How common are kidney problems? Recent research suggests that up to 7% of the adult population in the UK today are at risk of developing kidney problems. Only a very small proportion of people develop kidney failure. Unfortunately your risk of having kidney failure is increased if you are from an African-Caribbean or South Asian background.


What the kidneys do: n Remove waste n Clean the blood n Ensure healthy bones n Look after blood pressure


The five stages of chronic kidney disease: n Stage 1 - Kidney damage with normal or high eGFR* n Stage 2 - Kidney damage and mild decrease in eGFR* n Stage 3a - Mild to moderate decrease in eGFR* n Stage 3b - Moderate decrease in eGFR* n Stage 4 - Severe decrease in eGFR* n Stage 5 - Established renal failure * eGFR - estimated glomerular filtration rate.


What causes What are the kidney problems? tests for kidney disease? The commonest causes of kidney problems are: n High blood pressure and diabetes. It usually takes many years of experiencing these conditions before the kidneys become affected. It is more common if the blood pressure or the diabetes has not been as well controlled as it should be n Less common problems develop because of inflammation (glomerulonephritis) or infection of the kidney (pyelonephritis) n Sometimes kidney problems can be inherited, for example polycystic kidney disease. Kidney problems can also be the result of long-standing blockage such as an enlarged prostate or kidney stones n Some tablets can cause kidney damage if taken regularly over a long time. Examples are some pain-killing drugs such as ibuprofen n Sometimes it is not possible to say what has caused the kidney problem and is therefore referred to as ‘not known’

Your doctor or nurse will use two tests to assess your kidneys: Urine tests The ACR (albumin:creatinine ratio) test is used to see if there is increased protein in your urine. An increase in protein in your urine is an important sign of kidney damage. If you do have signs of kidney disease, your healthcare professional will discuss your blood pressure and the risk of heart disease with you. Some simple urine tests (such as the test for blood in the urine) can be taken by a nurse without being sent to the laboratory. Either protein or blood in the urine might indicate kidney problems. Blood tests The main way to check how well your kidneys are working is through a blood test. The eGFR is a blood test that tells roughly how well the kidneys are working (removing waste) as a percentage of normal – although you do not have kidney disease if the result is over 60% and you have no other signs of kidney damage. The chart below will help you to understand the different stages of kidney damage.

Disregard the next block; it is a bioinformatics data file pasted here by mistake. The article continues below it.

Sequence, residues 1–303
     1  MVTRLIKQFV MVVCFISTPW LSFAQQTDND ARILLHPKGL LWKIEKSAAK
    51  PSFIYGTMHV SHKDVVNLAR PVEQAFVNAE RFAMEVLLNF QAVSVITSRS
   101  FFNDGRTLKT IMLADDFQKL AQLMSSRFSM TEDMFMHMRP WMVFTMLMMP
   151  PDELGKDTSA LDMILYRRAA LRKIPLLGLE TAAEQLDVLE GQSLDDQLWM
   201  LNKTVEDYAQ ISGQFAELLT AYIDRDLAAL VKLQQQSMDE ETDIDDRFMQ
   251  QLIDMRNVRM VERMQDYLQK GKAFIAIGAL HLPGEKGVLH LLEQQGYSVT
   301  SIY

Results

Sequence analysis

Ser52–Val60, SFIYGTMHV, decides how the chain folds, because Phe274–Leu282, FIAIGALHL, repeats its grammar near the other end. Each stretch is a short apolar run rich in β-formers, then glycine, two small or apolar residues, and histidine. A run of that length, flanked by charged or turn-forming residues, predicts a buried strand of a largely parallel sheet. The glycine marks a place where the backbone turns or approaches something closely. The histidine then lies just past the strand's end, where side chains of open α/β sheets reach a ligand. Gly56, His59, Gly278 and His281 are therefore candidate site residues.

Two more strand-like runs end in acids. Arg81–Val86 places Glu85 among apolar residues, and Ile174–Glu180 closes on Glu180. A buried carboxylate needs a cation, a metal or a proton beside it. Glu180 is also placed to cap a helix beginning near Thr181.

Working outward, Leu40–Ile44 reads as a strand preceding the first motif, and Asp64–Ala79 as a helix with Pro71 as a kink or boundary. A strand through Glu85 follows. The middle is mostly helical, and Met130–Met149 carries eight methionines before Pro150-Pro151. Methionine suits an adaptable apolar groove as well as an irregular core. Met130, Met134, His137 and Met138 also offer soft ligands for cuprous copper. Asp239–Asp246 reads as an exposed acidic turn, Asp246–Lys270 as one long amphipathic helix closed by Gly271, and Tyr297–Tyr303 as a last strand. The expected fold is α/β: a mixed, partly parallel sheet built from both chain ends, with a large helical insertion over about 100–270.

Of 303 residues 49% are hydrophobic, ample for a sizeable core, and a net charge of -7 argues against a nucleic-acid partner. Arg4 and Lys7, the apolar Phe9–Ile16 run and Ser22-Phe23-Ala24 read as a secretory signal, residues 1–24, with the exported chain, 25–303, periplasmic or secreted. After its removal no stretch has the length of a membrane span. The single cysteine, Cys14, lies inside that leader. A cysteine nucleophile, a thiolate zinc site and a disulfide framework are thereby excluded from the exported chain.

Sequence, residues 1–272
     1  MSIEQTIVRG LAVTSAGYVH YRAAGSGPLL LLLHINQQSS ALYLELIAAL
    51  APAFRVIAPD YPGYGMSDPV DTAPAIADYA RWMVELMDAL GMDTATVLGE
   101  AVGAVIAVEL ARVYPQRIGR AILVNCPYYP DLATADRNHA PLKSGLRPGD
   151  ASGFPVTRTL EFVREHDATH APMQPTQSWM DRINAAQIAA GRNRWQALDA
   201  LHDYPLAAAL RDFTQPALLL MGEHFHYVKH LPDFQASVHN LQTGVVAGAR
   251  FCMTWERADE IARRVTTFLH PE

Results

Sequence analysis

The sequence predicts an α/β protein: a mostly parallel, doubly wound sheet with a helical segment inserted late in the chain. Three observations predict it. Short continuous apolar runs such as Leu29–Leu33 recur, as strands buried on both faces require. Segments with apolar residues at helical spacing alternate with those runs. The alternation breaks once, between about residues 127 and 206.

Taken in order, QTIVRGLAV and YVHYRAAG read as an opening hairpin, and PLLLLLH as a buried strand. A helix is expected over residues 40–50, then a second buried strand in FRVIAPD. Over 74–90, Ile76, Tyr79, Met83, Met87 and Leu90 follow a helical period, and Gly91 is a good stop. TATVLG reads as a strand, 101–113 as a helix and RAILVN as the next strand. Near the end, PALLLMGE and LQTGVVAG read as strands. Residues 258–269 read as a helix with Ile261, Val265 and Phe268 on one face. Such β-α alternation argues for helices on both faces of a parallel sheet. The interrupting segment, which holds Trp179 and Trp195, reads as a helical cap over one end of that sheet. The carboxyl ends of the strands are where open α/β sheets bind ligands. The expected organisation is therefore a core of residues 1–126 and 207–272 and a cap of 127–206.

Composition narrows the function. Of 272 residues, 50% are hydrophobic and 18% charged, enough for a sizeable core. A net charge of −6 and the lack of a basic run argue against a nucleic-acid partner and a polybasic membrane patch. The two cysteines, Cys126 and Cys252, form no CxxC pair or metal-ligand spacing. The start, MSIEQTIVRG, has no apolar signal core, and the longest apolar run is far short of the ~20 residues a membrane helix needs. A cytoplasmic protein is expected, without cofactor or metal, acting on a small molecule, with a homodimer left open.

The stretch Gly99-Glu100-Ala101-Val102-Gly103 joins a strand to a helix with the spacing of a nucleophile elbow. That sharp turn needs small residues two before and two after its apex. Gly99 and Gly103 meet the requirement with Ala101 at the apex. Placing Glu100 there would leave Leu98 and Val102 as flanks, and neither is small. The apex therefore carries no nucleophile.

What will the results of the tests tell me? To help plan your kidney care, your kidney function will be assessed. Your healthcare professionals will then decide where you sit in the chart below: Stage 1 - Kidney damage with normal or high eGFR

People at this stage have protein or blood in the urine but their eGFR is normal (greater than 90%).

Stage 2 - Kidney damage and mild decrease in eGFR

People at this stage have protein or blood in the urine but their eGFR is 60-90%.

Stage 3a - Mild to moderate decrease in eGFR

eGFR 45-59% means the kidneys are not working so well and you will need to have your kidney function checked every year.

Stage 3b - Moderate decrease in eGFR

eGFR 30-44% means the kidneys are showing further deterioration and you will need to continue to have your kidney function checked every 6 months.

Stage 4 - Severe decrease in eGFR

eGFR 15-29% means more marked kidney changes. This is when you may be referred to a kidney specialist.

Stage 5 - Established renal failure (ERF)

eGFR less than 15% means that there has to be discussion about the possibility of active treatment in the future e.g. dialysis or transplantation.

Once the results of your urine and blood tests are known, health care professionals can then discuss with you any necessary treatment and how it will be monitored. Please be aware that for most people the kidney function remains stable and does not deteriorate. There are also many things you can do to help yourself to stop the kidney function getting worse (see pages 08-13).